Helping teachers learn

One of my hats is “In-School Professional Development Leader”. Basically, I help shape what professional learning goes on in school, be it through meetings or structures for learning through teacher evaluations. As I get ready to actually plan 2016/17 professional learning for YIS teachers, I’ve been reading Dylan Wiliam’s new book “Leadership For Teacher Learning: Creating a Culture Where All Teachers Improve so That All Students Succeed.  Before I went off  this and starting worrying about logistics of planning faculty meeting I wanted to reflect on some of the points Wiliam brings up. 

I have been at staff meetings where I’ve considered if it would be less painful to stick an icepick in my ear rather than stay and listen to one more thing. Every one of these memes resonates for me.

 

 

And now I’m the person organizing Monday morning meetings.  With the admin team, I help shape what professional learning looks like at YIS. It’s a hugely challenging/fun job. And I work really hard for the meetings to be learning experiences, not a rehash of what could have been said in an email. But I know one is that happy to receive an email from me reminding them of Monday’s meeting. Even me, some days, if I’m honest.

So as I get ready to plan next year’s professional learning plan, I wanted to put some quotations from Dylan Wiliam and do some reflection before I start working.

“Once the “what” of teacher professional development is clear, then the focus should turn to the “how” of professional development, and in particular, the process of teacher learning should be tailored to the focus of teacher learning that has be identified as a priority.”(p164)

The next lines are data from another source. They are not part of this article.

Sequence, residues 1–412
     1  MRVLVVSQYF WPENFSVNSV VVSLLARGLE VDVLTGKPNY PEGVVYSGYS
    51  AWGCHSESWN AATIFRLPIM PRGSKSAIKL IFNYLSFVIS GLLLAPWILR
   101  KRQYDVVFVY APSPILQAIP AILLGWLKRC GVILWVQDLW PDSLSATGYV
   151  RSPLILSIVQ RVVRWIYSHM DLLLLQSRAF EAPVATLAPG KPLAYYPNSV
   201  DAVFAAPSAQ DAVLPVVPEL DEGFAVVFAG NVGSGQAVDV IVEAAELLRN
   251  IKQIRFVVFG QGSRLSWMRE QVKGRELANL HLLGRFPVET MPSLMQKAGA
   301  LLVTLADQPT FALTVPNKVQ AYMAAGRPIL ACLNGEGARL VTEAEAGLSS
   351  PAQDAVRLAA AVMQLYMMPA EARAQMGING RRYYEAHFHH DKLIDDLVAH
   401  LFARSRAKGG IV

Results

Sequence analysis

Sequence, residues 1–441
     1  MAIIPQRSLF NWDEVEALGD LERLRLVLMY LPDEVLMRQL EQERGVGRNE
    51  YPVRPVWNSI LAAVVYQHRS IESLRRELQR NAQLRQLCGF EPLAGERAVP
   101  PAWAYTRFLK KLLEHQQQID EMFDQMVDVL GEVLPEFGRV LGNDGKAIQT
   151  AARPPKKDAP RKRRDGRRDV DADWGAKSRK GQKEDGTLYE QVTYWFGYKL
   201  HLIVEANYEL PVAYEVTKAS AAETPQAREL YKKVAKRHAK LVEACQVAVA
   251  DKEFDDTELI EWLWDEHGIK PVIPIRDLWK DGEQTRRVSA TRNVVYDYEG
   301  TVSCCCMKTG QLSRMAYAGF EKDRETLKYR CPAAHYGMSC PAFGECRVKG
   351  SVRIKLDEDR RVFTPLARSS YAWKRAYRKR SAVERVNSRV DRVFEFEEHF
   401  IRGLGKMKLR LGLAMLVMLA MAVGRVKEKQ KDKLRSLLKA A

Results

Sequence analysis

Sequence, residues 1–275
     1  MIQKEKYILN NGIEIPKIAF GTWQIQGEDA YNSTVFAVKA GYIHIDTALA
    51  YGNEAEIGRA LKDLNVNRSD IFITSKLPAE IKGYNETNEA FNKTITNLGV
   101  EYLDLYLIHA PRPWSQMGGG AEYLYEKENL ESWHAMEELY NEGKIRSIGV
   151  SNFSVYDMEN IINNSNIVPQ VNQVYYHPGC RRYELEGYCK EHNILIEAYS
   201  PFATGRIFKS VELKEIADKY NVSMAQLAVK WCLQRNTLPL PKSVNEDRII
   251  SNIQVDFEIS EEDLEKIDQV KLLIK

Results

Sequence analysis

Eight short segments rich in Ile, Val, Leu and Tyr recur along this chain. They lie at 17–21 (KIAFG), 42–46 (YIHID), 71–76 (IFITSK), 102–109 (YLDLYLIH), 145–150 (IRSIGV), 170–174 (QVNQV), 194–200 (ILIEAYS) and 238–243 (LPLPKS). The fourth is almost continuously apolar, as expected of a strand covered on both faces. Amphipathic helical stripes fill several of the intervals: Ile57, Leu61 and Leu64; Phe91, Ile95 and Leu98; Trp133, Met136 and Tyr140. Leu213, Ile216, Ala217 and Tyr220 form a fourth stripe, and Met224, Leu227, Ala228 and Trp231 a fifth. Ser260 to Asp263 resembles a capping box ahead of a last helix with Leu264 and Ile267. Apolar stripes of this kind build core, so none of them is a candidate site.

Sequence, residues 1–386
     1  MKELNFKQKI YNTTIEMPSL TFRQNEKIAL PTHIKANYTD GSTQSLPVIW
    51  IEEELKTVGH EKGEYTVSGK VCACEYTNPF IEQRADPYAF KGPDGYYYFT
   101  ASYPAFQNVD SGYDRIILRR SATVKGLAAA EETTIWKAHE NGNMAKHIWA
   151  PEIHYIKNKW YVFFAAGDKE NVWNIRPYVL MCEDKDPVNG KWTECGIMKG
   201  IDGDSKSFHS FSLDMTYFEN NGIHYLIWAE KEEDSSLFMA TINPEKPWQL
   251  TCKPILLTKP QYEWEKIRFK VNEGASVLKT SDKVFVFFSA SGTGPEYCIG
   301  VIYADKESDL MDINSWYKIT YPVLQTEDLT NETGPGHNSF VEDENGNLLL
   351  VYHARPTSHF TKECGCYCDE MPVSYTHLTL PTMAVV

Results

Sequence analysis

It seems obvious that the “what” should be improving student learning. But what that means is more difficult to assesses. And sometimes I get so focused on the logistics and the plan and choosing the exact right activity to do with teachers, that perhaps I don’t communicate the focus on student learning as clearly as I should. So when I start planning…I’ll start with the “what” rather than the “how”.

 

“The aim of professional development is not to make everyone a clone of every other teachers, but rather to support each teacher in becoming the best teacher he or she can ben. Teachers are often their best when they are their quirky idiosyncratic selves and that is why choice is so important” (p168).

I love this quote. One of the reasons I love YIS is that it does embrace the quirky. Professional Learning needs to allow teachers to be themselves and play to their strengths. At international schools, where people come from many different backgrounds, this may be especially true. But that said, I do think all teachers can improve. But improvement can and should look different for every person.

“Teachers have to make small incremental, evolutionary changes to their practice…only a small numbers — ideally one or two, and certainly no more than three –aspects of their practice at one time”  (p 175)